The breast is composed of several glands and ducts that lead to the nipple and the surrounding colored area called the areola. The milk-carrying ducts extend from the nipple into the underlying breast tissue like the spokes of a wheel. Under the areola are lactiferous ducts. These fill with milk during lactation after a woman has a baby. When a girl reaches puberty, changing hormones cause the ducts to grow and cause fat deposits in the breast tissue to increase. The glands that produce milk (mammary glands) that are connected to the surface of the breast by the lactiferous ducts may extend to the armpit area.
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Mastitis is an infection of the tissue of the breast that occurs most frequently during the time of breastfeeding. It can occur when bacteria, often from the baby's mouth, enter a milk duct through a crack in the nipple.
Breast infections most commonly occur one to three months after the delivery of a baby, but they can occur in women who have not recently delivered as well as in women after menopause. Other causes of infection include chronic mastitis and a rare form of cancer called inflammatory carcinoma.
In healthy women, mastitis is rare. However, women with diabetes, chronic illness, AIDS, or an impaired immune system may be more susceptible.
About 1%-3% of breastfeeding mothers develop mastitis. Engorgement and incomplete breast emptying can contribute to the problem and make the symptoms worse.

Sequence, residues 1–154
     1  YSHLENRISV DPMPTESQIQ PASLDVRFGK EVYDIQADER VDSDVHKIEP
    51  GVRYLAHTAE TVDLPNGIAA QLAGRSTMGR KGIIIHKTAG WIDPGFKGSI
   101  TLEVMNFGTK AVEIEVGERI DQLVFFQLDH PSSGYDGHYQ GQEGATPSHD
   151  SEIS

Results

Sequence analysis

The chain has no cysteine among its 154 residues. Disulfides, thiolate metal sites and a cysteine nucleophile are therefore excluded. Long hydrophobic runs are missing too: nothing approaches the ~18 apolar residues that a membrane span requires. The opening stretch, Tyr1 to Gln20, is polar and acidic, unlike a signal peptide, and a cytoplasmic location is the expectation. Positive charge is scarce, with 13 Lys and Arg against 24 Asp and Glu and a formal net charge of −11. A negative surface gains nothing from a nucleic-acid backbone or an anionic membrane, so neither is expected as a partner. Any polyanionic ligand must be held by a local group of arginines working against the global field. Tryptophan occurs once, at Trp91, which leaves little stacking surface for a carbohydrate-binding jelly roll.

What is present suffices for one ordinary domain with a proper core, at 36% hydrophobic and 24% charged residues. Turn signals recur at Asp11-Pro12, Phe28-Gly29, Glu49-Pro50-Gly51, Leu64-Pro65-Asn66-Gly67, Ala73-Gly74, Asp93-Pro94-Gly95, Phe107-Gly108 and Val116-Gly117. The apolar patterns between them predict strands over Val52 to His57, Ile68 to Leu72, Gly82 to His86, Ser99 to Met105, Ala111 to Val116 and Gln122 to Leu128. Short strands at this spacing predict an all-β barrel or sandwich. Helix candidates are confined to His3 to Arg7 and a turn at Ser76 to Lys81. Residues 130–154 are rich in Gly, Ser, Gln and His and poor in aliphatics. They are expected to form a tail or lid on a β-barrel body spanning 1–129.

Chronic mastitis occurs in women who are not breastfeeding. In postmenopausal women, breast infections may be associated with chronic inflammation of the ducts below the nipple. Hormonal changes in the body can cause the milk ducts to become clogged with dead skin cells and debris. These clogged ducts make the breast more open to bacterial infection. Infection tends to come back after treatment with antibiotics.
Breast Infection Symptoms
Breast infections may cause pain, redness, and warmth of the breast along with the following symptoms:
Tenderness and swelling
Fever and chills
Abscess: Sometimes a breast abscess can complicate mastitis. Noncancerous masses such as abscesses are more often tender and frequently feel mobile beneath the skin. The edge of the mass is usually regular and well defined. Indications that this more serious infection has occurred include the following:
Tender lump in the breast that does not get smaller after breastfeeding a newborn (If the abscess is deep in the breast, you may not be able to feel it.)
Pus draining from the nipple
Persistent fever and no improvement of symptoms within 48-72 hours of treatment
When to Seek Medical Care
Call your health care provider as soon as you feel any suspicious lump, whether you are breastfeeding or not. Call for an appointment if:
You have any abnormal discharge from your nipples.
Breast pain is making it difficult for you to function each day.
You have prolonged, unexplained breast pain.
You have any other associated symptoms such as redness, swelling, pain that interferes with breastfeeding, a mass or tender lump in the breast that does not disappear after breastfeeding.
If you are breastfeeding, call your doctor if you develop any symptoms of breast infection so that treatment may be started promptly.
You may need to be evaluated in a hospital's emergency department if the breast pain is associated with other signs of an infection (such as a fever, swelling, or redness to the breast) and if your health care provider cannot see you promptly. The below symptoms require emergency treatment:
A persistent high fever greater than 101.5°F
Nausea or vomiting that is preventing you from taking the antibiotics as prescribed